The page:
Tuesday, March 22, 2011
I was 21-years-old when I first met Coach Barnes. I was an intern for the local sports radio station, and I was asked to operate the mixing boards for his statewide call-in radio show. At the time, the show was being broadcast from a banquet area of a now non-existent steakhouse in south Austin.
Nobody asked him questions while I was there. No one walked up to him in all the time I worked with him to congratulate him or criticize him. Perhaps people were too shy to say anything, but I know one thing for sure: If Mack Brown had a call-in radio show from a steakhouse, people would damned well would grill him like a well-done t-bone. The Burnt Orange Faithful would undoubtedly make Woodward and Bernstein look like The Chris Farley Show when it comes to their line of questioning. It goes with the territory and the salary, and I have no doubt Coach Brown knows that.
Perhaps it's more accurate to suggest that no one gave a damn about Texas basketball until Coach Barnes got there. And that's really the greatest compliment anyone can give him. Suddenly, Texas basketball in March has become as routine as Spring Breakers in South Padre and the bluebonnets in Brenham.
Under Coach Barnes' 13-year tenure as head coach, the Longhorns have yet to miss the NCAA Tournament. By way of comparison, North Carolina, one of college basketball's greatest programs has missed the NCAA tournament twice in the last ten years. Expectations have been raised significantly and so has his salary. He's now one of only eight college basketball coaches who commands $2 million a season, but has only made the Final Four once and that was almost ten years ago.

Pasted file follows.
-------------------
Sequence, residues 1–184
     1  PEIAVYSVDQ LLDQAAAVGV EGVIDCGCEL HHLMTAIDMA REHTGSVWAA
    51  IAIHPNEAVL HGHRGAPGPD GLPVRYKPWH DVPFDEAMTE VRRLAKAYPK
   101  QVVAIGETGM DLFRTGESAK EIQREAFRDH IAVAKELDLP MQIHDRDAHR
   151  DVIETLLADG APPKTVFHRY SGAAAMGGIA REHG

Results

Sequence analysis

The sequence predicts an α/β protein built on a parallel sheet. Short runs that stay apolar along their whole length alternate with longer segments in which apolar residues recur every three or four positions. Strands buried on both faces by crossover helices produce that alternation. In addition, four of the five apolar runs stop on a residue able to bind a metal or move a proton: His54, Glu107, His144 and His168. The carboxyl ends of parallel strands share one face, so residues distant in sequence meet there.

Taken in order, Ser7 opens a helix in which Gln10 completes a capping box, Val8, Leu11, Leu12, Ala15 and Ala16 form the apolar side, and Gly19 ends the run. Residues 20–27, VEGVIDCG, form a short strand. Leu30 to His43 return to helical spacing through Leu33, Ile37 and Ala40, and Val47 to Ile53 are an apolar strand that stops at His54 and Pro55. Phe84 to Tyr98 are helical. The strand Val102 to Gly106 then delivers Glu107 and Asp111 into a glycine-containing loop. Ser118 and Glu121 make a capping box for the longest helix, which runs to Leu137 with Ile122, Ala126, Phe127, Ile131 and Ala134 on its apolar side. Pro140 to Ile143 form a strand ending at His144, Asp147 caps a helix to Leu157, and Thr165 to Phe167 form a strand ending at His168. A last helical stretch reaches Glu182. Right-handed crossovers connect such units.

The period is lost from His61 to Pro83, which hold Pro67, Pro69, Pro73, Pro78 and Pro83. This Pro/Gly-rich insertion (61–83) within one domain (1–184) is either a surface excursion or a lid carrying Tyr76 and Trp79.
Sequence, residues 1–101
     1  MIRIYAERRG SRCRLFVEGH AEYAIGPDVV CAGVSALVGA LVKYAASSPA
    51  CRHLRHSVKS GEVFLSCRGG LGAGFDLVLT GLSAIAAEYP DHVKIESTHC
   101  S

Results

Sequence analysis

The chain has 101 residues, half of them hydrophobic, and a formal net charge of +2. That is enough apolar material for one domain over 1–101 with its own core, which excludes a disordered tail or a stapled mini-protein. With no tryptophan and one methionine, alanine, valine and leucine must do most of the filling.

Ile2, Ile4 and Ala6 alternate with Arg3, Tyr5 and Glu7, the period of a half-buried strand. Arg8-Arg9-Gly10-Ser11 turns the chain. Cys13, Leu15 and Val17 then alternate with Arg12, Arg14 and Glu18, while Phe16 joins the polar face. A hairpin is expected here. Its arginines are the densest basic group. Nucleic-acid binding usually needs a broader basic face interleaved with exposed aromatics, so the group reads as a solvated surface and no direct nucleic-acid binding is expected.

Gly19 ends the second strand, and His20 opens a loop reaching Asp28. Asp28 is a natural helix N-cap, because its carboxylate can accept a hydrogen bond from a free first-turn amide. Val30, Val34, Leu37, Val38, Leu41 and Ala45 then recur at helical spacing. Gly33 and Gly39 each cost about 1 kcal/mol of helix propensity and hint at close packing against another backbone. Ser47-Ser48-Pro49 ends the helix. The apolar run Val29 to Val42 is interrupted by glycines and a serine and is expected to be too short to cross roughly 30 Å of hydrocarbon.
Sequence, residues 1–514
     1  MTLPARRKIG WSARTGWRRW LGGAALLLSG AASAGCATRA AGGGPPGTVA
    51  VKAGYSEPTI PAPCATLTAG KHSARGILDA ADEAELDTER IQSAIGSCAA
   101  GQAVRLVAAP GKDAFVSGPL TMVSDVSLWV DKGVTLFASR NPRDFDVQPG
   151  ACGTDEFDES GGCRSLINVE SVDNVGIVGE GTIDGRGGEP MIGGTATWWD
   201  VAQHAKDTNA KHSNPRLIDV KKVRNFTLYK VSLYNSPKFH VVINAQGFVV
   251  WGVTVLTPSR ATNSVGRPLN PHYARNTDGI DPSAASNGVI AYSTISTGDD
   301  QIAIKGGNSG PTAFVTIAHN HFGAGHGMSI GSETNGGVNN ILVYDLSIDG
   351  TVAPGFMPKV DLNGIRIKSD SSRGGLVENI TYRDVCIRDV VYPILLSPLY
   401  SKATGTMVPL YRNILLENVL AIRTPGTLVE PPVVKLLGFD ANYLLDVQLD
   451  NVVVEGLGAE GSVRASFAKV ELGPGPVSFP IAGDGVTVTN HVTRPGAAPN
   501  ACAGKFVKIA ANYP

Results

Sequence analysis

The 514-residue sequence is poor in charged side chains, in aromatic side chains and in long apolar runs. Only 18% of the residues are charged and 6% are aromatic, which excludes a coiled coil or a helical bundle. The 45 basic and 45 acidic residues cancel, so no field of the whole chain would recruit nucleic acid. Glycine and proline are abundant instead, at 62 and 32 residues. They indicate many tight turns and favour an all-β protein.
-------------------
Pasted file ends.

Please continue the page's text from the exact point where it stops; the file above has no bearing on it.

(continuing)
He's currently in the same earning fraternity with gentlemen like Florida's Billy Donovan, Connecticut's Jim Calhoun and North Carolina's Roy Williams all of whom have won multiple national championships. Barnes is currently making more money than Michigan State's Tom Izzo who has won a national championship and has been to six Final Fours. Barnes is also earning more than Duke's Mike Krzyzewski, and Krzyzewski may be the greatest college basketball coach alive.
It's not always, and it shouldn't always be about the money, but the reality is that Rick Barnes is making elite-level money and doesn't have anywhere near the resume that his similarly salaried peers have. And he's doing less with more talent than any other coach in the country.
Current NBA scoring leader Kevin Durant was paired with current Charlotte Bobcat PG D.J. Augustin for the 2006-2007 Longhorn basketball season, and could only muster a first round win in the tournament to New Mexico State. They were crushed in the next round by USC 87-68. Durant turned pro almost immediately afterwards.
Since that season, Texas has only made it past the second round of the tournament once despite boasting an impressive four first-round NBA draft picks (Durant, Augustin, Avery Bradley and Damion James). Moreover, it hasn't just been losing early that has been frustrating, it's been the way they lost--the complete lack of fundamentals--that have contributed to these early exits.